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This article was published 10/6/2014 (1109 days ago), so information in it may no longer be current.
The family of a baby boy who died in the care of Child and Family Services earlier this year says it is disappointed at the failure of the chief medical examiner's office to determine a cause of death.
Matias De Antonio was born Feb. 24 and died March 27 -- about a month after being placed in the custody of CFS. The tot died after being transported by automobile by a CFS worker to a foster home after a visit with his mother. When the worker went to take Matias out of the car, the baby was blue.
"They said the (cause of) death is undetermined," the baby's uncle, Carlos Burgos, said by telephone Tuesday, quoting from a toxicology report marked "confidential" that was given to the family a day earlier. It was dated May 9.
The CME said the report must neither be circulated nor copied without its permission, Burgos said. However, Burgos did not believe he was prevented from quoting from the document.
The CME could not be reached for comment late Tuesday.
The report said the baby had been "wrapped in several layers," including a blanket "likely" over his face.
The report added it is possible the wrapping, combined with a warm vehicle, "may have overwhelmed" the baby's ability to regulate its body temperature.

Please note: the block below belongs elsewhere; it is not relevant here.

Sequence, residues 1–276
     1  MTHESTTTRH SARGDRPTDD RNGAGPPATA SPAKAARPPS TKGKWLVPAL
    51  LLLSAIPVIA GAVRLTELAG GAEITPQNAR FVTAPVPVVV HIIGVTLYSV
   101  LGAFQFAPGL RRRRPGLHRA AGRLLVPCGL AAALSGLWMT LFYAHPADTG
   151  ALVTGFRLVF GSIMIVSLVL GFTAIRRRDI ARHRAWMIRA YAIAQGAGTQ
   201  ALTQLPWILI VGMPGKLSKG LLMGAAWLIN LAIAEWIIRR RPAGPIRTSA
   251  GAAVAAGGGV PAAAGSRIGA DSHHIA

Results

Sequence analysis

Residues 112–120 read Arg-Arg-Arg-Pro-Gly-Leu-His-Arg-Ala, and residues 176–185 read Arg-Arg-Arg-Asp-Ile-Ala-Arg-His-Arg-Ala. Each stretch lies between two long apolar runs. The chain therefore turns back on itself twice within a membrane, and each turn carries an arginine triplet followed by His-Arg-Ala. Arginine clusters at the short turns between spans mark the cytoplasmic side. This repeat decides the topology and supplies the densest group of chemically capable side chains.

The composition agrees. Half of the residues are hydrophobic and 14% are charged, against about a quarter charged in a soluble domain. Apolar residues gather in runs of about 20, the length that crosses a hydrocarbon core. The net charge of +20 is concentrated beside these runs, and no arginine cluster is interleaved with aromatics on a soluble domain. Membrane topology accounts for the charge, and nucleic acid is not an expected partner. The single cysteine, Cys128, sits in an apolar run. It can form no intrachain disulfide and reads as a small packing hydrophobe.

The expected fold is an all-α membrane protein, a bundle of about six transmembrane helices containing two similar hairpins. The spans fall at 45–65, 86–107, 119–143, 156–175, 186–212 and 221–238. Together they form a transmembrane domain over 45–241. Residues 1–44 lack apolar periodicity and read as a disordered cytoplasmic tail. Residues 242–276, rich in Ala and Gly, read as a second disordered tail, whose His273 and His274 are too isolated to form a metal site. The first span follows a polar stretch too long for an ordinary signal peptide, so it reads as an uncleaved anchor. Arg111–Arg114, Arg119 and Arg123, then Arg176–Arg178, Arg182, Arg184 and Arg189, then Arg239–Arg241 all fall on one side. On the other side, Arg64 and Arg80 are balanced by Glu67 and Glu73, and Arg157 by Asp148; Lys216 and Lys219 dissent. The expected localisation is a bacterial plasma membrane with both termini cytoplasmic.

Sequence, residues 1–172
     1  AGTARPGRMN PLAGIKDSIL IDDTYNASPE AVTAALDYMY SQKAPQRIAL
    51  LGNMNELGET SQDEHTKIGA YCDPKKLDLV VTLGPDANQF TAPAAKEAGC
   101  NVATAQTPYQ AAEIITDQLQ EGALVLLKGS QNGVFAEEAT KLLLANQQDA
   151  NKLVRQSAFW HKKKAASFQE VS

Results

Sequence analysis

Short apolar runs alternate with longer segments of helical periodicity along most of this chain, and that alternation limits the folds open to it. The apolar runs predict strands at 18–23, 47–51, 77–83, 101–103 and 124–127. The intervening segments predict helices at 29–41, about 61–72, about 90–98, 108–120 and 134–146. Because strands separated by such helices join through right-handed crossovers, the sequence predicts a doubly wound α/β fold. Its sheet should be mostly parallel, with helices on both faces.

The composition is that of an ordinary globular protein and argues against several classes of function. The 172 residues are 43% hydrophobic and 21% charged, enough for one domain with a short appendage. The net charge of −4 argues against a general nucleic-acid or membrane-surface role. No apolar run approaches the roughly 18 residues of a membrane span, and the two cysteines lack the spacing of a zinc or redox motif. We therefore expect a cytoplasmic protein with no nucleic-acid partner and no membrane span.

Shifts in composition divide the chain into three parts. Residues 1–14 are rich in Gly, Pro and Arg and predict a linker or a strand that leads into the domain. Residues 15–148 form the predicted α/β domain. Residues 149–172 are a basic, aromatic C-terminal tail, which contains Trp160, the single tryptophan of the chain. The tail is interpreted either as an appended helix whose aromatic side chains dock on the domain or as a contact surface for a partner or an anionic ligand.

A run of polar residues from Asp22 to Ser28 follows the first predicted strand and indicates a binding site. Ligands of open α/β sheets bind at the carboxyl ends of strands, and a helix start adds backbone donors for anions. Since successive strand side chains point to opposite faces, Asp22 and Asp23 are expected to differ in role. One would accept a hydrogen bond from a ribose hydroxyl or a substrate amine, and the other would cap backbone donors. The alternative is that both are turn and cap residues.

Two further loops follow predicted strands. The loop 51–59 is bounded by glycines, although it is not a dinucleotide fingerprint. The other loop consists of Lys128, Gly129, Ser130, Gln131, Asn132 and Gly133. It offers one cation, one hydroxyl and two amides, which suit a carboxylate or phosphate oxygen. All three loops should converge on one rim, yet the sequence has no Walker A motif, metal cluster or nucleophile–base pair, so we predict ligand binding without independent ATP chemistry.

"Further, the placing of a blanket over the head also raises the question of whether suffocation potentially played a role in his death," said Burgos, reading from the report signed by pathologist Dr. D. Rhee.
But that's as far as the report went, citing a lack of "supportive evidence." Burgos said the family is confused about why the report could not be more explicit -- although he said it was warned by its lawyer not to expect a conclusion the boy suffocated.
The family has been told the male CFS worker heard the baby crying twice during the 38-minute trip but didn't stop to check why. "That's so sad," Burgos said.
Meanwhile, he said the family is still in the dark about why the baby was apprehended in the first place. He said there was no documentation provided -- "they didn't show us anything."
Several family members could have taken care of the baby -- including the 20-year-old mother's sister and mother -- if CFS believed the tot's mother was unable to, he said. The baby's father lives in Colombia.
Rachel Morgan, a spokeswoman for Family Services Minister Kerri Irvin-Ross, said it is standard practice for CFS to inform parents of the reasons for apprehending a child at the time of the apprehension.
Morgan said she would not speak for the medical examiner's office, but as far as she knows "the cause of (the baby's) death has not been determined."
She said all the information the department gets through CFS is being shared with the minister and the family.
Irvin-Ross has met with the family twice, Morgan said.